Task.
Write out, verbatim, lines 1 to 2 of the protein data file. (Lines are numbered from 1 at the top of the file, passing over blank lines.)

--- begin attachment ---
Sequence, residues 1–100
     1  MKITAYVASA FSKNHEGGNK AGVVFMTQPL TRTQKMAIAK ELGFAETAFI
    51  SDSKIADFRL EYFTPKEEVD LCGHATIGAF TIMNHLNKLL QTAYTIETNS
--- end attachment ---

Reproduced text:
Sequence, residues 1–100
     1  MKITAYVASA FSKNHEGGNK AGVVFMTQPL TRTQKMAIAK ELGFAETAFI